known as the "Festival of the bun hills", the celebration takes
place in the month of May. The event includes parades, opera performances
and children dressed in colorful costumes. The Cheung Chau Festival starts
on the 8th day of the Fourth Moon and continues for 4 days. The four days of
religious rites-- Chinese operas and the burning of paper clothing as gifts,
is supposed to make ghosts and peevish spirits contented. During this time
the entire Hong Kong is thronged with the visitors form all over the
world. There are processions and celebrations at every nook and corner.
The Bun Festival Celebration
The most breath-taking trait is the bun towers - large bamboo structures
several stories high heaped with sweet buns. These bun towers are festooned
in front of the Pak Tai Temple to solemnize the Pak Ta, the God
of the Sea. There are several temples in Hong Kong honoring the Pak Tai who,
according to legend, threw the prince of evil out of heaven. In the past, a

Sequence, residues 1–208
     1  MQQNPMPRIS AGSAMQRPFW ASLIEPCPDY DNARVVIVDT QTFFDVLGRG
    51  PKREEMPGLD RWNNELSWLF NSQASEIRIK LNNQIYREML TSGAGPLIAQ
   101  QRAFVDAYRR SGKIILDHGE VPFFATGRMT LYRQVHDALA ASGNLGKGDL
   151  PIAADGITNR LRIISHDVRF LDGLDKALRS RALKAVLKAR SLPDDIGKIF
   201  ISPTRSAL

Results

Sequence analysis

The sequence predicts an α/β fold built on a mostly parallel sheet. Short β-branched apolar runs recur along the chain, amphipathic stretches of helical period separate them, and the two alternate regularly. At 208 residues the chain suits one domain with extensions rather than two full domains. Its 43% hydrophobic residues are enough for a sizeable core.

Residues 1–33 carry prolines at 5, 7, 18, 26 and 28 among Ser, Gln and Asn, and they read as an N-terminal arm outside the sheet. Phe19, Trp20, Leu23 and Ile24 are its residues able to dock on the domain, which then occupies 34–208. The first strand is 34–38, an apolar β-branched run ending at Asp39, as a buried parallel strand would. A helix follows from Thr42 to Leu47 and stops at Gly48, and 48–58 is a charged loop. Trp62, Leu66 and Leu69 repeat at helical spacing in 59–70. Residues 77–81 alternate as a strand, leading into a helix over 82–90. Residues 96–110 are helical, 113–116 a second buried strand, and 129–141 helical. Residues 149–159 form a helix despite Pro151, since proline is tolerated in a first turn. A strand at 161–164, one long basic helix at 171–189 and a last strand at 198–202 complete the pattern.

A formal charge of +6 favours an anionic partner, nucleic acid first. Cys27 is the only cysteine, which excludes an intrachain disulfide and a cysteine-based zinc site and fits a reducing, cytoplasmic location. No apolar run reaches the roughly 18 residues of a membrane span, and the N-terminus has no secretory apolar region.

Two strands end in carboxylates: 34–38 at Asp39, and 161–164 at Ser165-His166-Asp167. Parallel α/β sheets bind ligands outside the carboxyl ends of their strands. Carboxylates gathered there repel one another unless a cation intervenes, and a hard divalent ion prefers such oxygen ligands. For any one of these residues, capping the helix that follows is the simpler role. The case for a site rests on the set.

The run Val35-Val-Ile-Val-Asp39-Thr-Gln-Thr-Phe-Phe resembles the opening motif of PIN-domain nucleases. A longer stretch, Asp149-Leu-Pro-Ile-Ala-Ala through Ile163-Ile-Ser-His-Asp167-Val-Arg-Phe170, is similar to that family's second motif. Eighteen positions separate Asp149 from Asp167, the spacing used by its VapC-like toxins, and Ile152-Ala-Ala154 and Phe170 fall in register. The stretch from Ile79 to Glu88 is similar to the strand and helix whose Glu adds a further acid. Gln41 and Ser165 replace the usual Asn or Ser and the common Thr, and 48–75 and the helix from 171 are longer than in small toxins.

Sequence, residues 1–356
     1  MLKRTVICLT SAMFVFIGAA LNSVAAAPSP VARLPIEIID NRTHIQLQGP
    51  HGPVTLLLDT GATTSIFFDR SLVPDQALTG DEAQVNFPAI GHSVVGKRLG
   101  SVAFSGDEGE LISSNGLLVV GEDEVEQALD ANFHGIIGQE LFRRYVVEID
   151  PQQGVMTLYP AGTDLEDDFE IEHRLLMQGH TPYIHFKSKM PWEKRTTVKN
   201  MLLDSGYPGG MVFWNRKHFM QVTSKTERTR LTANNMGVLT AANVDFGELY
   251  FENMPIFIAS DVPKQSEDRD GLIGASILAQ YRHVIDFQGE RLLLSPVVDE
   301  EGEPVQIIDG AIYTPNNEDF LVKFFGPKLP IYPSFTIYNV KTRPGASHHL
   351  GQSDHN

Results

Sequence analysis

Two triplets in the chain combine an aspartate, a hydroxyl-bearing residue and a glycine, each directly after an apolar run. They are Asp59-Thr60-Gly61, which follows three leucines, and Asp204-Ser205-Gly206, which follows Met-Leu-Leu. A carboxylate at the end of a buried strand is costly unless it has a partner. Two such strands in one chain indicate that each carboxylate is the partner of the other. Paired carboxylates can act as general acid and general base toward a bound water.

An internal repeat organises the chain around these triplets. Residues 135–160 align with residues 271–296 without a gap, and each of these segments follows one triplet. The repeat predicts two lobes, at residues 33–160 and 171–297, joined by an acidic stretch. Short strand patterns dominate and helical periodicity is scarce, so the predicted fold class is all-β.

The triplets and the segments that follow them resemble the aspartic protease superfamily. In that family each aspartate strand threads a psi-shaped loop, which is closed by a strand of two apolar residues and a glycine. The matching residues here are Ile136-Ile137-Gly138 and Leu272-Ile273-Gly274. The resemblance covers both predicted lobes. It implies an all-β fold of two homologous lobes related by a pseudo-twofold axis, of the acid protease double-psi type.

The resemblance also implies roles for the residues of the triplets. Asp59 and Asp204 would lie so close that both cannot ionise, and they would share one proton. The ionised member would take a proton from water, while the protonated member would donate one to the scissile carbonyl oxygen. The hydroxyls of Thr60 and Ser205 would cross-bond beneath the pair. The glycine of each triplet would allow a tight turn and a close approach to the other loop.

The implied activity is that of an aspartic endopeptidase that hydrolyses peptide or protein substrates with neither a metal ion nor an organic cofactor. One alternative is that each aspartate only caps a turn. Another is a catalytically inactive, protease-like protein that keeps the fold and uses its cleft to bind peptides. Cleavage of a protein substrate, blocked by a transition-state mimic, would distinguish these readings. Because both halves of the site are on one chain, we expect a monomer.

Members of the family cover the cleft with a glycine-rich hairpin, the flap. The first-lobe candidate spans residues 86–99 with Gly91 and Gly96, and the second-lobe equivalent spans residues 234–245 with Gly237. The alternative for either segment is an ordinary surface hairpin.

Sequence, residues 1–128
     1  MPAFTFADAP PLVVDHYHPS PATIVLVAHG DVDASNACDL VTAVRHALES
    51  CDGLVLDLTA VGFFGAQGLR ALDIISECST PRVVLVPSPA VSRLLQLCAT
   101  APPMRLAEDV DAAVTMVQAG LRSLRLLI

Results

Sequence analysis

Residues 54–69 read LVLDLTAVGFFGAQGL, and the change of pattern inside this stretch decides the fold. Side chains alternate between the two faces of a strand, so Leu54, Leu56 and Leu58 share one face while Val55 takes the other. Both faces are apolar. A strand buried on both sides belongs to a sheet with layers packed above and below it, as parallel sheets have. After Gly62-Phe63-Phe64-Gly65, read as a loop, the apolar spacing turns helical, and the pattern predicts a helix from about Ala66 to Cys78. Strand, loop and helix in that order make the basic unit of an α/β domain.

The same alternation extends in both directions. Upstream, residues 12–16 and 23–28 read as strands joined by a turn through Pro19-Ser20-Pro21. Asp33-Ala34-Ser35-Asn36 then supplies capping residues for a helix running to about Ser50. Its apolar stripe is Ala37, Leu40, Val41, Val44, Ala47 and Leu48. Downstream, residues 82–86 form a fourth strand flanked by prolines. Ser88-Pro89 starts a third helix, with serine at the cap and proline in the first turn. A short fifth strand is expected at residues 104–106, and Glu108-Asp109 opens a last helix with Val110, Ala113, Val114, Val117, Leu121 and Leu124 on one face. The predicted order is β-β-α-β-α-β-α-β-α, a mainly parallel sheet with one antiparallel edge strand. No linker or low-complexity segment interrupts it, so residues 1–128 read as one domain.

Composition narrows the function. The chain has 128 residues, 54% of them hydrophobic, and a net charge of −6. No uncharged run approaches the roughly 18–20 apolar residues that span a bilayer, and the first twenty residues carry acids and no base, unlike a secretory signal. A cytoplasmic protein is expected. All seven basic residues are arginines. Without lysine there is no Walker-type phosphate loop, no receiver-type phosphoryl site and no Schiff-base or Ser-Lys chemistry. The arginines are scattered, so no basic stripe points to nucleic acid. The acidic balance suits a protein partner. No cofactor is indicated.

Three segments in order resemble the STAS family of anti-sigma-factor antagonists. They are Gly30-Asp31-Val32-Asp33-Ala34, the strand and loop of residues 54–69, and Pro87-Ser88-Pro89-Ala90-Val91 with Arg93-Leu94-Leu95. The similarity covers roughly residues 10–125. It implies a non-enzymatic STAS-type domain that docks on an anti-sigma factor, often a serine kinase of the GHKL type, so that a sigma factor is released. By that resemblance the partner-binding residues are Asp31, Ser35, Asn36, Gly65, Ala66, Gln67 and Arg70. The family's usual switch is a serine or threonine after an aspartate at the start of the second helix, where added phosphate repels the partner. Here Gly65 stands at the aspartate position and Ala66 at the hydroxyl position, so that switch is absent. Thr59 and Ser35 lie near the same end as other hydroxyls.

signal was given and the young clamber ups the towers, picking as many buns
as they could hold. It was believed the more buns you grabbed the more good
luck it will bring.
The processions and parades held during this time are more magnificent and
colorful. People costume as renowned figures, ride on flowered floats and
walk on stilts. The young play a major role in the processions with children
perched above the crowd in makeup and costumes. They almost seem hanging in
Other performances, such as Chinese operas, lion dances, and religious
services are displayed to entertain both locals and visitors alike.
Usually the festival arrives just before the beginning of the fishing
season, therefore, the bun festival is also celebrated in honoring of
Sea-God, to ensure righteous weather and a brimful catch. In any event, this
unusual celebration is well worth a side trip to the island.